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In search of Bigfoot, not that he exists

July 12, 2009|Lori Kozlowski

Bigfoot is a tall tale, up there with the Loch Ness monster and other such mystic creatures we can never seem to find. And yet we always choose to believe in him, just a little.

In "Bigfoot: The Life and Times of a Legend," author Joshua Blu Buhs says right away that the beast is nothing but a myth. But he wanted to explain its complicated origins. He spoke recently with Jacket Copy.

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Even though you say there is no Bigfoot, why did you choose to pursue this mythical creature in your writing?

Initially, it was the fact that I didn't think Bigfoot existed, which was interesting to me. It was also about American ideas of what the natural world is. Sort of like: Here's a screen on which people can project their ideas about nature. Though it turned out not to be as much about nature as I originally thought it would be.

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Why are Americans obsessed with this legend? Where did the myth come from?

The myth of Bigfoot really started in the 1950s. It certainly hadn't penetrated the modern American conscience until the '50s. The legend was popular with white, working-class men, where it sort of fit in, and eventually it worked its way into the mainstream.

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How did the Bigfoot myth appeal to working-class men?

In the late 1960s and early 1970s, white, working-class men saw a stagnation in their opportunities and the amount of money they were making. Bigfoot then became a symbol of what they feared. And Bigfoot could also be what readers fantasized about -- escaping into the wilderness.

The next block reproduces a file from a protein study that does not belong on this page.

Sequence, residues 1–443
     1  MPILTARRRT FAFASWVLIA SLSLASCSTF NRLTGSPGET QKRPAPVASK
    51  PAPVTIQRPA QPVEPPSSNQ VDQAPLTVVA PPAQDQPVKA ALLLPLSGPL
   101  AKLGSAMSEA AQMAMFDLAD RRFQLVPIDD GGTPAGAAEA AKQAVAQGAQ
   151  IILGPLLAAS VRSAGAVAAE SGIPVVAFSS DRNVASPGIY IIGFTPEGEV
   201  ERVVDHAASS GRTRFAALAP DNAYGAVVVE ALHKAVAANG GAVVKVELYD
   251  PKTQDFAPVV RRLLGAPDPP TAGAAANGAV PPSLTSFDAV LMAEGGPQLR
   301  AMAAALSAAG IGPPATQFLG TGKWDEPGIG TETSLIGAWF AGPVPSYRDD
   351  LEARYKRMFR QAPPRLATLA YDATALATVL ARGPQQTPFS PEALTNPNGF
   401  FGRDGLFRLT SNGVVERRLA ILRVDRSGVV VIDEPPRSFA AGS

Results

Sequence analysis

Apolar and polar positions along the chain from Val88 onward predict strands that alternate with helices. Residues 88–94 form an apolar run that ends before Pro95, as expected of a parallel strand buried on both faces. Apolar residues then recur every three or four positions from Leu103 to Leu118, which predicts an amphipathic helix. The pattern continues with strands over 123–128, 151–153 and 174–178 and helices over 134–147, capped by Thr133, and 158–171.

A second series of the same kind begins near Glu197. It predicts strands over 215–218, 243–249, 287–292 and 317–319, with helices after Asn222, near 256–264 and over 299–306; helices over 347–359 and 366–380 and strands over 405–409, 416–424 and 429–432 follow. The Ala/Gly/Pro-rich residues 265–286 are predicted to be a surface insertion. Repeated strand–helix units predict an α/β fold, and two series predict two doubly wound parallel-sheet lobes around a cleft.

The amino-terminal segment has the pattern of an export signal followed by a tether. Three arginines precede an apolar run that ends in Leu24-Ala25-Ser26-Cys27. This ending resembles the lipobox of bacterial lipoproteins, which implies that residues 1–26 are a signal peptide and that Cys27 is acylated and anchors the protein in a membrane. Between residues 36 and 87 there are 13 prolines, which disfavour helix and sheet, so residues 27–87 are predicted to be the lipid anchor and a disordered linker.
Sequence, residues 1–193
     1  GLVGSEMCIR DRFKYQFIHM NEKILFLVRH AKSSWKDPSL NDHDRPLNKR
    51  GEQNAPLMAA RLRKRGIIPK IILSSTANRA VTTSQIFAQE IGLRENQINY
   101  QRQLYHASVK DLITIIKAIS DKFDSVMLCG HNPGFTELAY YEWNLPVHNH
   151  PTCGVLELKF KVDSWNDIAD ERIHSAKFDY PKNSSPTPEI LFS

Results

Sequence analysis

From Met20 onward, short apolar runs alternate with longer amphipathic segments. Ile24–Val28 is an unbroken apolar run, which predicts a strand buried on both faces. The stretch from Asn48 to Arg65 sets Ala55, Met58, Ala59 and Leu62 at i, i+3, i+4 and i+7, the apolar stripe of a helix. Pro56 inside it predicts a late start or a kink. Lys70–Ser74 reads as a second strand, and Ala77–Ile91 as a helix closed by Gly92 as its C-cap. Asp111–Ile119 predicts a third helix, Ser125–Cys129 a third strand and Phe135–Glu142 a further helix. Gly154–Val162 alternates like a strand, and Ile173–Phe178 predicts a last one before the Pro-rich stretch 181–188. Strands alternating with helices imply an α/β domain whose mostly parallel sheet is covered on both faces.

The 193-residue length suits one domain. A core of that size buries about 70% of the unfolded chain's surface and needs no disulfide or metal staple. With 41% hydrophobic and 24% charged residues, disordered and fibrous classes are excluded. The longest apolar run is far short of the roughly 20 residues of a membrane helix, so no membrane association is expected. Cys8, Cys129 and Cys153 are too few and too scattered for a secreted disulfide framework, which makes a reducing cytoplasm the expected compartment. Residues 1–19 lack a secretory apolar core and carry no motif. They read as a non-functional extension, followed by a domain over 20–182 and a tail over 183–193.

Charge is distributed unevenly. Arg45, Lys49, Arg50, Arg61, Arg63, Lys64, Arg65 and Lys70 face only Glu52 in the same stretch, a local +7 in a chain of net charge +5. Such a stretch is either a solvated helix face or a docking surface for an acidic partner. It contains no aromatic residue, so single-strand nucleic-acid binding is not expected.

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Even if people know for a plain fact that this monster doesn't exist, why do we still choose to believe?

It's complicated. Different people have different reasons. One of the ideas goes back to the idea of nature -- they want a world where there's enough nature so that there's still room for something like a Bigfoot to exist. Some of it is the romantic impulse of belief.

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You describe some Americans thinking of Bigfoot as a representative of old-fashioned masculinity.

I think there's this idea that civilization is opposed to masculinity. That once you have a civilization, people have to behave in certain ways. That society is a feminizing force. Then, you have this creature that lives completely -- and thrives -- outside of society. It speaks to this idea that men don't have to bow to society -- the old-time, old cowboy, John Wayne stereotype.

-- Lori Kozlowski

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